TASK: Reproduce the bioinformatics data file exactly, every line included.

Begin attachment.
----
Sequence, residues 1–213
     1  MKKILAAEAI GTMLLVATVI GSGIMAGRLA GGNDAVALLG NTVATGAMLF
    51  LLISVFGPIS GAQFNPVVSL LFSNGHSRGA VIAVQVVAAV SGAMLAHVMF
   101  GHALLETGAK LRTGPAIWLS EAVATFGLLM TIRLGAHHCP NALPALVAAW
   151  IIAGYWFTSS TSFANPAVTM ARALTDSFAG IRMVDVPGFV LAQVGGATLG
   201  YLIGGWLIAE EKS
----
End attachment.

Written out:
Sequence, residues 1–213
     1  MKKILAAEAI GTMLLVATVI GSGIMAGRLA GGNDAVALLG NTVATGAMLF
    51  LLISVFGPIS GAQFNPVVSL LFSNGHSRGA VIAVQVVAAV SGAMLAHVMF
   101  GHALLETGAK LRTGPAIWLS EAVATFGLLM TIRLGAHHCP NALPALVAAW
   151  IIAGYWFTSS TSFANPAVTM ARALTDSFAG IRMVDVPGFV LAQVGGATLG
   201  YLIGGWLIAE EKS